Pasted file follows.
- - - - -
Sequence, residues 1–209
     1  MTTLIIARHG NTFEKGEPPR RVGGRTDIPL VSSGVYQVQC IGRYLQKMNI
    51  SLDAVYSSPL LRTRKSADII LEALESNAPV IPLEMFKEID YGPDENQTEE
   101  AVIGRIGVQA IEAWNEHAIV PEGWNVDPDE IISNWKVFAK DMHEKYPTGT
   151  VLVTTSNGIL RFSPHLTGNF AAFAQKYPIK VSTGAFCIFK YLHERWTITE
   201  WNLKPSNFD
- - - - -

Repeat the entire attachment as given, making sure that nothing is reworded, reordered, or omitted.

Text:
Sequence, residues 1–209
     1  MTTLIIARHG NTFEKGEPPR RVGGRTDIPL VSSGVYQVQC IGRYLQKMNI
    51  SLDAVYSSPL LRTRKSADII LEALESNAPV IPLEMFKEID YGPDENQTEE
   101  AVIGRIGVQA IEAWNEHAIV PEGWNVDPDE IISNWKVFAK DMHEKYPTGT
   151  VLVTTSNGIL RFSPHLTGNF AAFAQKYPIK VSTGAFCIFK YLHERWTITE
   201  WNLKPSNFD